Any of the features of intermediate connecting members 24 a-d illustrated in FIGS. 3 to 6 can be combined to provide the desired variation in neck length 44, 54, 84 anterior or posterior offset 66, 86 or angular inclination a to best suit each individual patient's anatomy.
FIG. 7 shows an intermediate connecting member 24 e that includes a combination of the angular inclination a as described in FIG. 6, the anterior/posterior offset 86 as depicted in FIG. 5, and the taper separation 84 as illustrated in FIG. 4.
In the above embodiments, the male members of the two engagement means are provided by the intermediate connecting member 24 a-e. In an alternative embodiment one or both of the two engagement means provided by the intermediate connecting member may comprise female portions. For example, FIG. 8 illustrates a second embodiment of the modular humeral prosthesis 100 of the invention similar in many respects to the first embodiment shown in FIGS. 1-7. Differences include the provision of a male tapered connecting portion 102 on the stem 104, and a female tapered connecting portion 106 on the intermediate connecting member 108.
Male connecting portion 102 and female connecting portion 106 are designed for substantially self-locking mating, and preferably have a circular cross section The self-locking function may be accomplished by providing a “Morse taper” on the male and female connecting portions 102 and 106. The female connecting portion 106 constitutes a second embodiment of the first engagement means of the intermediate connecting member 108.
A fastener 110 preferably is inserted through a bore 112 through the intermediate connecting member 108 and into engagement with a bore 114 in the stem 104 to further secure the female connecting portion 106 of the intermediate connecting member 108 on the stem 104. Most preferably, the fastener 110 and the bore 114 are provided with interlocking threads. As an alternative embodiment, the male and female connecting portion 102 and 106 could be provided with a non-self-locking configuration; in which case the fastener 110 or another locking mechanism would take on yet greater importance.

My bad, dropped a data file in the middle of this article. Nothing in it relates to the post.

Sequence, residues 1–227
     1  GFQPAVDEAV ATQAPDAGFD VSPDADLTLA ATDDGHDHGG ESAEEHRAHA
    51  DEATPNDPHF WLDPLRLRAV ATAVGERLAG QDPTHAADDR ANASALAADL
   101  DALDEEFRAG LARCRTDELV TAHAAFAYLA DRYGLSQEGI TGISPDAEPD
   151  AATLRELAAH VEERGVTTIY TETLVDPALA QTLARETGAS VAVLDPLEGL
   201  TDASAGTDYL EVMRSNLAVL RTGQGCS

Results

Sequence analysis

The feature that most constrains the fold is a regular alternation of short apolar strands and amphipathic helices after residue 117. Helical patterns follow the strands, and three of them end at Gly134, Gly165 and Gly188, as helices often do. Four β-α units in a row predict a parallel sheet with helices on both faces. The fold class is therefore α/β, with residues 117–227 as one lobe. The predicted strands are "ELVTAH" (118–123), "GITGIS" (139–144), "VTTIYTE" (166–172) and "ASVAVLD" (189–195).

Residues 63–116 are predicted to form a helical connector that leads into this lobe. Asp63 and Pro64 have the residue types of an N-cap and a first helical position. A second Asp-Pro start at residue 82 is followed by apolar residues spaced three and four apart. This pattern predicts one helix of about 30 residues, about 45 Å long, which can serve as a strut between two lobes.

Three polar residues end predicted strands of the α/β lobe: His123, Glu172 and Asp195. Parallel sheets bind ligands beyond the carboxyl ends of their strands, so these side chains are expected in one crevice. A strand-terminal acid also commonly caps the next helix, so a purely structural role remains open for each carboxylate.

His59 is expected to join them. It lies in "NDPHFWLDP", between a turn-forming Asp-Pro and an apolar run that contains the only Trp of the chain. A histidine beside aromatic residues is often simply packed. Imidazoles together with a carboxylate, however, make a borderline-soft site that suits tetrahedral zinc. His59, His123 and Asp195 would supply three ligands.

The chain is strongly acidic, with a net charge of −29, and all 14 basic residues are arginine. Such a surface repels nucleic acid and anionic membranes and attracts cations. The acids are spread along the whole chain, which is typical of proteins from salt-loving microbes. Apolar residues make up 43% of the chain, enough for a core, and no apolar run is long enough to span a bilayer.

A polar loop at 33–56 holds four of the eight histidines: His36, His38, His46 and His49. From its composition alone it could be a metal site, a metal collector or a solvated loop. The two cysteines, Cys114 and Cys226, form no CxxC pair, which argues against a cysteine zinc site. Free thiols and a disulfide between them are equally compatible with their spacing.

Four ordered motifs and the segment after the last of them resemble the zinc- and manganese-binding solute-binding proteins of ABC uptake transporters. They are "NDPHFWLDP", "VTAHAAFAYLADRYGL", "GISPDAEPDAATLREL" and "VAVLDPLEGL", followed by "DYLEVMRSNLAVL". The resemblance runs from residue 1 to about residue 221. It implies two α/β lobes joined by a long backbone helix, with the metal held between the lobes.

As is the case with the first embodiment, the head 114 of the second embodiment is provided with a female connecting portion 116, and the second engagement means of the intermediate connecting member 108 comprises a male connecting portion 118. The female and male connecting portions 116 and 118 are also preferably provided with a self-locking tapered configuration, i.e., a Morse taper.
FIGS. 9-13 illustrate various intermediate connecting members 108 a-e for use in the prosthesis 100. FIGS. 9 and 10 illustrate two intermediate connecting members 108 a and 108 b providing two different separations 120 and 122. In this respect, intermediate connecting member 108 a is similar to intermediate connecting member 24 a of the first embodiment (FIG. 3) due to the minimal separation 120 or 44, and intermediate connecting member 108 b is similar to intermediate connecting member 24 b of the first embodiment (FIG. 4) due to the greater separation 122 or 54. Both intermediate connecting member 108 a and 108 b show a zero inclination angle and a zero offset.
FIG. 11 illustrates another intermediate connecting member 108 c having, like member 108 a, minimal separation. Intermediate connecting member 108 c, however, has a non-zero offset 124. This non-zero offset 124 is accomplished by displacing or offsetting the central axis or axis of rotation of the female locking portion 126 relative to the central axis of axis of rotation of the male locking portion 128 by the offset 124. In this respect, the intermediate connecting member 108 c is similar to the intermediate connecting member 24 c of the first embodiment (FIG. 5).